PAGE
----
Erowid References Database
Casselman I, Heinrich M.
“Novel Use Patterns of Salvia divinorum: Unobtrusive Observation using YouTubeTM”.
Journal of Ethnopharmacology. 2011 Aug 6.
Ethnopharmacological relevance and Aims
The traditional use of the Hallucinogenic sage, Salvia divinorum has been of ethnopharmalogical interest for some time. This plant, endemic to Oaxaca Mexico and traditionally used by the Mazatec, is now utilized worldwide for its psychoactive effects. This use demonstrates a novel use pattern which is distinctly different from Mazatec use. This study offers a new methodology to study emerging global plant use and assesses the users’ experience with it. The aim of this research was to develop a new methodology to collect and analyze archived data on the World Wide Web, specifically videos which depict Salvia divinorum use.
The basis of the methodology for this project was unobtrusive observation which allows the researcher to observe without influencing the event which is being observed. Qualitative, ethnographic data was used in conjunction with quantitative meta data collected by a customized web crawler programed to archive YouTube™ data.
Using this methodology enabled us to understand reported uses and the users’ experiences as expressed on the World Wide Web. The main result of this research was the documentation of a distinct, novel use pattern of Salvia divinorum which has developed outside of Oaxaca; a use pattern which differs in a number of ways from traditional, Mazatec use. The majority of the YouTube™ videos analyzed were found to present indications of a positive Salvia divinorum experience. This result highlighted the contradiction between ethnographic data and what is reported by the media. Finally the representation of Salvia divinorum on YouTube™ (and by inference the WWW as a whole) is a growing phenomena.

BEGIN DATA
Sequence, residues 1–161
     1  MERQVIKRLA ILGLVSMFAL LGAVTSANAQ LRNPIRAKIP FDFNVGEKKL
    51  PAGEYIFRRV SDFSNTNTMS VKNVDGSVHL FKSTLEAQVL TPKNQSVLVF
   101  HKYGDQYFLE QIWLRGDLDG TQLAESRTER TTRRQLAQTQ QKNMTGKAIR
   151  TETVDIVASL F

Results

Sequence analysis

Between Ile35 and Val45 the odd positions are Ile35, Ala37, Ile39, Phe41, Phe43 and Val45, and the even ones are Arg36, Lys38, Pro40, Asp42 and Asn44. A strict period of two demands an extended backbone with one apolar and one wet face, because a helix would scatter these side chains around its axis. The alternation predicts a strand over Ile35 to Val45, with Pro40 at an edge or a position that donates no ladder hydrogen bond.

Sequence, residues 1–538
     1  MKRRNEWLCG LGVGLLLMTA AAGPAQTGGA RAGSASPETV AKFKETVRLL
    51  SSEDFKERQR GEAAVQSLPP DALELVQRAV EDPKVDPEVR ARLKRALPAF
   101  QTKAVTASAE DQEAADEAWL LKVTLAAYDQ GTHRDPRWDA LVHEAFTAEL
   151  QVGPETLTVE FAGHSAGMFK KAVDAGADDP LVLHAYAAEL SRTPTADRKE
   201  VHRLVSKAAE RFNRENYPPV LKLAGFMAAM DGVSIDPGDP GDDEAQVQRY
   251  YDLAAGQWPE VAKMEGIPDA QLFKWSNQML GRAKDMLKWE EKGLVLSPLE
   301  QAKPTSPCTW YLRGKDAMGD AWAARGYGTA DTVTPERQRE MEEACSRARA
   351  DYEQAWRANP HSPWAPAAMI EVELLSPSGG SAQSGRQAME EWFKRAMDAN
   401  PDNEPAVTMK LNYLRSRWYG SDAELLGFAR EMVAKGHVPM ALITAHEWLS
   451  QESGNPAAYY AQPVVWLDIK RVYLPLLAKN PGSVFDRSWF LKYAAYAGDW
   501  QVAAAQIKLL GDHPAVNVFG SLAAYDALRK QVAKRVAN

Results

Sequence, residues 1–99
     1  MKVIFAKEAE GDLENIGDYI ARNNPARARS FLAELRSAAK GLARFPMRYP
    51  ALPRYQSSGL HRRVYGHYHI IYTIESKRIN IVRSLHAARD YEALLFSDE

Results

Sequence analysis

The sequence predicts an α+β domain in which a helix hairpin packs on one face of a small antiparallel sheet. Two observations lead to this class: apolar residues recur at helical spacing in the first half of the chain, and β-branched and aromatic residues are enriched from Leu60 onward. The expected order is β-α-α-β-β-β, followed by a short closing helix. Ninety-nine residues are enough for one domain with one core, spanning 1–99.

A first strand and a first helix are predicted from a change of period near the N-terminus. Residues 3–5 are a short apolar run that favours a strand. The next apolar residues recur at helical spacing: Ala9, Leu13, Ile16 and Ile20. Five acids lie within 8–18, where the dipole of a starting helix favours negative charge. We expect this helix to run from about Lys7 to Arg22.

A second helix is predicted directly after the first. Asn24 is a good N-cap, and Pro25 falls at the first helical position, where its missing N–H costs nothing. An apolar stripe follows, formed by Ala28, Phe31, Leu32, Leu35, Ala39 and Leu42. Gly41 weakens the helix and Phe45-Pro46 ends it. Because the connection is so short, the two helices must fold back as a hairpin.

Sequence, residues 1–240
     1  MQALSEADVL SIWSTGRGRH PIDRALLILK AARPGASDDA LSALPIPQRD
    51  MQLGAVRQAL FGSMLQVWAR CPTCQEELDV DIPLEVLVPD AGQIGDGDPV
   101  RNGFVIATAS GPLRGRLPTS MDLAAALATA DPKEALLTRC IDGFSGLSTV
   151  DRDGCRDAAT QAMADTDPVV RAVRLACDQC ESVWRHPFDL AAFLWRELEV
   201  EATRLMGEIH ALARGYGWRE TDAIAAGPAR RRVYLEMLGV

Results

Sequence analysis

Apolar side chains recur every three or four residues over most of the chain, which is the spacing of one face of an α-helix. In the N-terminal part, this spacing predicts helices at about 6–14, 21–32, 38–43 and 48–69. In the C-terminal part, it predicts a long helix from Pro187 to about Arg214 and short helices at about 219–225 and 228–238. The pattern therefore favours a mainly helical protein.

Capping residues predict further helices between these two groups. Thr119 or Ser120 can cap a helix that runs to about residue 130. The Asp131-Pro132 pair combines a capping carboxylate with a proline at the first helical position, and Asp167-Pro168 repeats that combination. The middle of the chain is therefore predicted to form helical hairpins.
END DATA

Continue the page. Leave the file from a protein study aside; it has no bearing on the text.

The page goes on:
While anthropological and more specifically medico-anthropological research has, for many years, embraced the dynamics of cultures, until recently, ethnopharmalogical research has generally focused on ‘traditional’ plant use, failing to capture the dynamic elements of plant/human interaction and framing research in the past or as decontextualized largely descriptive reports. Global migration and urban environments formed a basis for looking at the interplay of continuity and change. Such cultural dynamics are exacerbated by the opportunities which the WWW offers.
Since the early 1990's the use of Salvia divinorum, a psychoactive sage, has been adopted outside of Oaxaca, Mexico where it is endemic. This novel use pattern, distinctly different from the traditional Mexican use, has strong links with the World Wide Web and User Generated Content web sites. Ethnographic data from YouTube was collected and analyzed to better understand the novel, ethnopharmacological use of this plant.
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